By Leo E. Landis
“At last, Iowa has a state flag, thanks to the D.A.R.” So read the caption in the Des Moines Register of May 11, 1917. The newspaper bore an image of the proposed flag with credit given to Dixie Cornell Gebhardt of Knoxville and other Iowa members of the Daughters of the American Revolution (D.A.R.). The debate for a state flag began in the late 1800s, but Iowa was among the final states to select a design. It was a decision argued in newspapers and became the cause of a legislative commission, but not until Gebhardt’s proposal and the national excitement over World War I did the effort gain statewide support. Even after the May debut, Gebhardt’s effort to have the flags produced and issued to Iowa-connected troops proved nettlesome.
Gebhardt’s background did not necessarily prepare her for the position as Iowa’s flag designer. Born in 1866, the daughter of Dr. Norman and Mary Cornell, she graduated from Knoxville High School and also attended a girl’s academy operated by Catholic nuns. In 1900, she married George Tullis Gephardt. The couple divorced in 1904 and Dixie never remarried. Like many socially-conscious women she joined philanthropic groups including the P.E.O. and attended the Presbyterian Church. She lived the majority of her life in Knoxville.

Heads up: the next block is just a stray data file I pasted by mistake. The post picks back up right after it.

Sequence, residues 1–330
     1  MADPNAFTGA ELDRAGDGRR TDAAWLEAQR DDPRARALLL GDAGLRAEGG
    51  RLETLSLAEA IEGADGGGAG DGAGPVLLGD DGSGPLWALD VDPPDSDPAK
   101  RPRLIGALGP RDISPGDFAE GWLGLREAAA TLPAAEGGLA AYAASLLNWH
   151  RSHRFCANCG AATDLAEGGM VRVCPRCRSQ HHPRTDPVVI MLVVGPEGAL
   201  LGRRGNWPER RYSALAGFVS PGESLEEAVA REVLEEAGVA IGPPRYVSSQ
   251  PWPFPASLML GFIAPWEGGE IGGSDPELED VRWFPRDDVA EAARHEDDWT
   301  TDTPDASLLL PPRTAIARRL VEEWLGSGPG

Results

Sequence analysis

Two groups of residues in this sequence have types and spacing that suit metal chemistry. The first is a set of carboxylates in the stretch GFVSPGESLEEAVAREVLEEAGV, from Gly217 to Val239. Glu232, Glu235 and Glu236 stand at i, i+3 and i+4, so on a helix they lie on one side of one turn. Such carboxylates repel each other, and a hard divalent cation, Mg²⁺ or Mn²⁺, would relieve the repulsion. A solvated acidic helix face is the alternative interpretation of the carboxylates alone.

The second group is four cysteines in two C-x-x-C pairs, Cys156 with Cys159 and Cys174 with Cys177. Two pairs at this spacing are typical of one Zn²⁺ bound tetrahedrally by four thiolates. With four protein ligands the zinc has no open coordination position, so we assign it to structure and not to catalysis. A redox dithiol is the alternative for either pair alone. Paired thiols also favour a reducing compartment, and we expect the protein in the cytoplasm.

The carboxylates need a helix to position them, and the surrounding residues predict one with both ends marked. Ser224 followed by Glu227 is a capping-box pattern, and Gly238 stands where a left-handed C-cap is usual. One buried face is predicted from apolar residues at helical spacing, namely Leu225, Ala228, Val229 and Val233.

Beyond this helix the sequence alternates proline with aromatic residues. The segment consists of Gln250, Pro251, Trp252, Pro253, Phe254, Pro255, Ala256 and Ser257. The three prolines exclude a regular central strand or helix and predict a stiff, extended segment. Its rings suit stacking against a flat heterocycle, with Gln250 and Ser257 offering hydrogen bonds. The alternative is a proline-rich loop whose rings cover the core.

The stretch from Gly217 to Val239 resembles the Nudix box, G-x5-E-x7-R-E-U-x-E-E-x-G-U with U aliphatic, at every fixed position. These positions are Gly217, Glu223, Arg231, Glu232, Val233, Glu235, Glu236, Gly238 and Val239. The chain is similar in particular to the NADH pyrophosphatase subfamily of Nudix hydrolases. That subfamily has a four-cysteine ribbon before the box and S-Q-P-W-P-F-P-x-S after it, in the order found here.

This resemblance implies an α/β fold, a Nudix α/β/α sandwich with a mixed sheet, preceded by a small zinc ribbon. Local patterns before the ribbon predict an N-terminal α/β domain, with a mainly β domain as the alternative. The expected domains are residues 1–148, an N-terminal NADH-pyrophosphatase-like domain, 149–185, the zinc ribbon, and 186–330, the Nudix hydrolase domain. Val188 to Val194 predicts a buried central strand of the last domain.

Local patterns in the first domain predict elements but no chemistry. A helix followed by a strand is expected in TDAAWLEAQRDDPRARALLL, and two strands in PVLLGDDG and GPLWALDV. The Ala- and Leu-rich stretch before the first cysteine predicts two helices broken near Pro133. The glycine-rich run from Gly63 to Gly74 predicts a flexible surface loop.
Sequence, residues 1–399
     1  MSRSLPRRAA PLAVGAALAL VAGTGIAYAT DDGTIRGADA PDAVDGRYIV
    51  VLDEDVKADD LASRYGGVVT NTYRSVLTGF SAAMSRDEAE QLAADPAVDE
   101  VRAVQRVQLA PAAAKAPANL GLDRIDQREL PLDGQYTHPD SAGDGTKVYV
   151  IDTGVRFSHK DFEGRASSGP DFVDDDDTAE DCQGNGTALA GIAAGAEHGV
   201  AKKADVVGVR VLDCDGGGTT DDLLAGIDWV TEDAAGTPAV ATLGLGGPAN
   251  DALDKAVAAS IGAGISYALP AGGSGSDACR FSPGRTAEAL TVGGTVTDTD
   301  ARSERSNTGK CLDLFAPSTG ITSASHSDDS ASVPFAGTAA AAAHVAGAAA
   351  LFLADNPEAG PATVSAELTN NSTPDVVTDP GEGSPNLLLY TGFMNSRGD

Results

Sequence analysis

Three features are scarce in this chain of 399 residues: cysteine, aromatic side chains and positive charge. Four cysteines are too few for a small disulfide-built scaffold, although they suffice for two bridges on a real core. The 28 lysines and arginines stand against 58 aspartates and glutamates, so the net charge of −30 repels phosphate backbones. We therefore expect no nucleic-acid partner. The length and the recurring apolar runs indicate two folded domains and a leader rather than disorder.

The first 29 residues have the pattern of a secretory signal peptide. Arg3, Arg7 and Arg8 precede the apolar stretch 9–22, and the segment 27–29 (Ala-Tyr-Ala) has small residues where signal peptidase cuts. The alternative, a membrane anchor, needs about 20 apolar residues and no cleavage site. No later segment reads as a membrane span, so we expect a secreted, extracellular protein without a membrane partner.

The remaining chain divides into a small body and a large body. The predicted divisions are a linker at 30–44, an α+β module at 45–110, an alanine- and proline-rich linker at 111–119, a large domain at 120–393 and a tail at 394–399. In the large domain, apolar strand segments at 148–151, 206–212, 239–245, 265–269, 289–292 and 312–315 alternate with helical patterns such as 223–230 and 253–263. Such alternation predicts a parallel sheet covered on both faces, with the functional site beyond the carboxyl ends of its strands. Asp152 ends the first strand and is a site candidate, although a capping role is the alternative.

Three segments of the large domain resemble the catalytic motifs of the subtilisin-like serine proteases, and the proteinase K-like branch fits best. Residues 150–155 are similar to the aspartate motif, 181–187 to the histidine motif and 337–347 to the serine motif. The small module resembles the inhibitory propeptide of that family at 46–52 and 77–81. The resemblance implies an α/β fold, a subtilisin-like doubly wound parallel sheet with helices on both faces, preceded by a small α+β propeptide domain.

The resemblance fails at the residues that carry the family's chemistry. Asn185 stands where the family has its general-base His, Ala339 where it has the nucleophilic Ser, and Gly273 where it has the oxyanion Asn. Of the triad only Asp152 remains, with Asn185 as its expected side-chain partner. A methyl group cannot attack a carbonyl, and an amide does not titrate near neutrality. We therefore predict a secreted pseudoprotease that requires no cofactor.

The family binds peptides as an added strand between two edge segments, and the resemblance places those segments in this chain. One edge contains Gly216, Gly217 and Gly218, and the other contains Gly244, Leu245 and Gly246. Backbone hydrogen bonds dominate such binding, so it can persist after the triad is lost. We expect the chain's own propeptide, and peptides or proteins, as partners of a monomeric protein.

Iowa’s reluctance to establish a state flag dated to the period following the Civil War. Many northern states reacted against the states that seceded as their citizens elevated their state’s interest in slavery over the nation. Thus the movement to create a state flag received critiques through the 1880s into the 1900s. On July 11, 1889, the Emmet County Republican of Estherville reprinted an account of the dedication of the Georgia capitol that stated that the U.S. flag was not flown on the new building, but the Georgia flag was. The story reported that you would have never seen such an affront to the national flag “in Wisconsin or Iowa or Kansas.” Of course it would not have happened in Iowa as no state flag had been created.